China's first Mars orbiter in Russia for launch: state media

This NASA Hubble Space Telescope image shows Mars in 2005
This NASA Hubble Space Telescope image shows Mars in 2005. China's first satellite to probe Mars has been transported to Russia for a launch later this year, state media reported Thursday.

China's first satellite to probe Mars has been transported to Russia for a launch later this year, state media reported Thursday.

Yinghuo-1, the 110-kilogramme (242-pound) Chinese , is scheduled to be launched along with Russia's "Phobos Explorer" aboard a Zenit rocket in October after final testing, the Beijing News said.

After entering Mars' -- 10 to 11 months later -- the orbiter will probe the Martian environment, with a special focus on what happened to the water that appears to have once been abundant on the planet's surface.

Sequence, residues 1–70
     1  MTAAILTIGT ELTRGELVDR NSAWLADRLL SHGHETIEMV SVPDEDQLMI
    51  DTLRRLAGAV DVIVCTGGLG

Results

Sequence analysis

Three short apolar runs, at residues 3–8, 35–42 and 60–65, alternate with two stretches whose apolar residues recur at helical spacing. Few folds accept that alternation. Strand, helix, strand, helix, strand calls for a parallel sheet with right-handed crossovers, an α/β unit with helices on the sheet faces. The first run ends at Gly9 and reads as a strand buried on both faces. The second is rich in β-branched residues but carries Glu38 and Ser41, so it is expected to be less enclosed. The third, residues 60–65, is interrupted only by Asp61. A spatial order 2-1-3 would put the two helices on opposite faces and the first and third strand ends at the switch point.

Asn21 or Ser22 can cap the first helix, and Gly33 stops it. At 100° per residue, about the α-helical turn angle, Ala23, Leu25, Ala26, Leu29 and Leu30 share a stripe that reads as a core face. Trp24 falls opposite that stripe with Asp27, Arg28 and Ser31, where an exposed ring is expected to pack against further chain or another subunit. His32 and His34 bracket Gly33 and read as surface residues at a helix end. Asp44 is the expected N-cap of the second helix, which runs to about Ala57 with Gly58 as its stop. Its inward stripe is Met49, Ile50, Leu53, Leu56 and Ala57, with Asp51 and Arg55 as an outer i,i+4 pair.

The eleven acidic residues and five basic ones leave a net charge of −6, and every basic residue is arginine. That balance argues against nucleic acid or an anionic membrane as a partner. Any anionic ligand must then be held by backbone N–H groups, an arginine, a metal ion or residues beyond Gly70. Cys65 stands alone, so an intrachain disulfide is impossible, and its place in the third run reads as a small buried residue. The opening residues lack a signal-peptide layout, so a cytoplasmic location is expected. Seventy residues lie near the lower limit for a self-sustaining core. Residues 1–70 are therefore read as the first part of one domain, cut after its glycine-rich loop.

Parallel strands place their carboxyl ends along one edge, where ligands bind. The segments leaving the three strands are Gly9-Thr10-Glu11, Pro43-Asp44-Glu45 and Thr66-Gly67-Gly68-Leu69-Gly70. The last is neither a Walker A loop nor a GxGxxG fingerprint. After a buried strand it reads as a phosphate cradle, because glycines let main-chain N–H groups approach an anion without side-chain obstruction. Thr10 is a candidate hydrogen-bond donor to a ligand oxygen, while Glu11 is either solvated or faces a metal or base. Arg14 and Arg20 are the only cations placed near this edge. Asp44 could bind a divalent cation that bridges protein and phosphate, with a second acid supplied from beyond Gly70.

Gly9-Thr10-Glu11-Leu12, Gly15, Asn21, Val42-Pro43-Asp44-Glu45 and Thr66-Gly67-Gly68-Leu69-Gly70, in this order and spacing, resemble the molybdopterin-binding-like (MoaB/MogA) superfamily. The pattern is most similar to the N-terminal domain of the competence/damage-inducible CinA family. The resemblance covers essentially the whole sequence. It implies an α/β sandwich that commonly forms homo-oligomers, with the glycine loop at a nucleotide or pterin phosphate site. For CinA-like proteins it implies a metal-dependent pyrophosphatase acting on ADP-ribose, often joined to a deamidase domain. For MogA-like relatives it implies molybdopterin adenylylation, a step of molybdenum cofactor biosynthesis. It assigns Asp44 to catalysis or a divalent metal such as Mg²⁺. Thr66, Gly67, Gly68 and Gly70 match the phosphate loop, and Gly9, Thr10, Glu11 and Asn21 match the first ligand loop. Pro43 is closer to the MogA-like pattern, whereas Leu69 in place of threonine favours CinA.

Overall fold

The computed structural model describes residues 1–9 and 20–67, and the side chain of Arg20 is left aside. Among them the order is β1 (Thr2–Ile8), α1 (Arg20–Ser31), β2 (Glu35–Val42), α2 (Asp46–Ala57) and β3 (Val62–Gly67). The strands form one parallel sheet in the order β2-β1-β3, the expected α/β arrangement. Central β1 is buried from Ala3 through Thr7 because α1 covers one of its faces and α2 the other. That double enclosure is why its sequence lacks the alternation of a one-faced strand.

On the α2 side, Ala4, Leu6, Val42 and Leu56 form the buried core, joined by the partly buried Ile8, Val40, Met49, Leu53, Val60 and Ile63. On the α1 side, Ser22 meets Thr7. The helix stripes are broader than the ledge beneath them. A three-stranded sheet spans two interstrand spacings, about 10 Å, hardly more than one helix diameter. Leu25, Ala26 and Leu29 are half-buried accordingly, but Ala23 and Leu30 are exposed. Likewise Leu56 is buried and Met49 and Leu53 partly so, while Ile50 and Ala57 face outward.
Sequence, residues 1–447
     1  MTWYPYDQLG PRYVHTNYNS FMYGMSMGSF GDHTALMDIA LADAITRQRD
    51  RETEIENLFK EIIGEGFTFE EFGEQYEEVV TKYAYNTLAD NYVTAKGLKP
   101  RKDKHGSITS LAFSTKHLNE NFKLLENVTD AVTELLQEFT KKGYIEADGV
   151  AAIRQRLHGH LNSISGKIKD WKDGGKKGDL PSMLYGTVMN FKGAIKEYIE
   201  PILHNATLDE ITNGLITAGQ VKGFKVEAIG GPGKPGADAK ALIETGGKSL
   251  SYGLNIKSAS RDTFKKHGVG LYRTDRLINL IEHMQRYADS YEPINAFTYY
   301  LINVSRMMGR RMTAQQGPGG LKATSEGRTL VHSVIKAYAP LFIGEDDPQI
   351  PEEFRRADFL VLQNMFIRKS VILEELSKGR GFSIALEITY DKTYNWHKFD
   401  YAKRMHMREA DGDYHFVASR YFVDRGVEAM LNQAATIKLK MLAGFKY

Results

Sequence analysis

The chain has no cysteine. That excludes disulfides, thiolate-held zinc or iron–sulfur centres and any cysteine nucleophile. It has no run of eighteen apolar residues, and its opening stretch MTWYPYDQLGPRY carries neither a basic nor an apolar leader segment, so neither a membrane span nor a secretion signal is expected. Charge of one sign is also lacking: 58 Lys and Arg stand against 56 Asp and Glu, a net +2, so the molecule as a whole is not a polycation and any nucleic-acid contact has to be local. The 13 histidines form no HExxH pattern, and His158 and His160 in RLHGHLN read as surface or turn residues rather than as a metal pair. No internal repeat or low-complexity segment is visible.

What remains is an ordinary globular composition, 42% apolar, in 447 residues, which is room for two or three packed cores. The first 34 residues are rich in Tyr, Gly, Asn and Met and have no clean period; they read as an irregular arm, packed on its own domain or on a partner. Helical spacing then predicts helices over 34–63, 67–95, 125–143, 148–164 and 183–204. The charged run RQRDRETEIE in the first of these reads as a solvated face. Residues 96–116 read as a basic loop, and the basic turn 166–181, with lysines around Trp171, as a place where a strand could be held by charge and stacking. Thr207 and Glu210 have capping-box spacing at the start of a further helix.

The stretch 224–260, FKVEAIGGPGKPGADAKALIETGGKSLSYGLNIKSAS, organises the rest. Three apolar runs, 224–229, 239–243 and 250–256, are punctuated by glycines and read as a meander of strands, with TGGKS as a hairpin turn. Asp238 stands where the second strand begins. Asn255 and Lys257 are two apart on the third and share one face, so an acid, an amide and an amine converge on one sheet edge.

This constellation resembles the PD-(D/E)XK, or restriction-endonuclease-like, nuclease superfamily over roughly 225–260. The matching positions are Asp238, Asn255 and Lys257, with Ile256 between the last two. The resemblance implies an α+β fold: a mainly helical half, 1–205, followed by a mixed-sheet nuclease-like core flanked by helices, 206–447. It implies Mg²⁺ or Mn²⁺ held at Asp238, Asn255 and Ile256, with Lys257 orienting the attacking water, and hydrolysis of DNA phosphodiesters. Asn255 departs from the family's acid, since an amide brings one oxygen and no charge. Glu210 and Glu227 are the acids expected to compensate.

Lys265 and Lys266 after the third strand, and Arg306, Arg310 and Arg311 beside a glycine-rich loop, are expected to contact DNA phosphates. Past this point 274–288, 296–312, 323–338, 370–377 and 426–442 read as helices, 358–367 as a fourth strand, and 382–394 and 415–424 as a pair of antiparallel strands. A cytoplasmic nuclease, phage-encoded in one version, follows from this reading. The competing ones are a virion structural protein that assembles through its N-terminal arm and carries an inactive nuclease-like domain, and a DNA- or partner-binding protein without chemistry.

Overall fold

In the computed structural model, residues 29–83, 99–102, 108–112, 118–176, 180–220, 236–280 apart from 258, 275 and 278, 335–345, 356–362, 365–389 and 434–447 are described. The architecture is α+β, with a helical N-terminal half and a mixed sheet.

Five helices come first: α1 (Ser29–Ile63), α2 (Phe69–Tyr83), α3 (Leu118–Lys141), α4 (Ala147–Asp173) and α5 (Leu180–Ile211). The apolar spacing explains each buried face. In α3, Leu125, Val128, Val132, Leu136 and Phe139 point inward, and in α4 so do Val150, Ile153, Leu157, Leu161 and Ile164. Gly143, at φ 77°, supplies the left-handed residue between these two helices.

The satellite, developed by the Shanghai Space Administration, will carry eight pieces of equipment including two cameras, the report said.

China became the third nation to put a man into space when Yang Liwei piloted the one-man Shenzhou-5 in 2003.

Last September, the Shenzhou-7, piloted by three "taikonauts" or astronauts, carried out China's first space walk.

China will launch a space module next year and carry out the nation's first space docking in 2011 as a step towards its goal of building a space station, state media said earlier.

(c) 2009 AFP


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Citation: China's first Mars orbiter in Russia for launch: state media (2009, August 6) retrieved 19 October 2019 from https://phys.org/news/2009-08-china-mars-orbiter-russia-state.html
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Aug 06, 2009
China will launch a space module next year and carry out the nation's first space docking in 2011 as a step towards its goal of building a space station, state media said earlier.


While ours descends into the atmosphere burning to a crisp...

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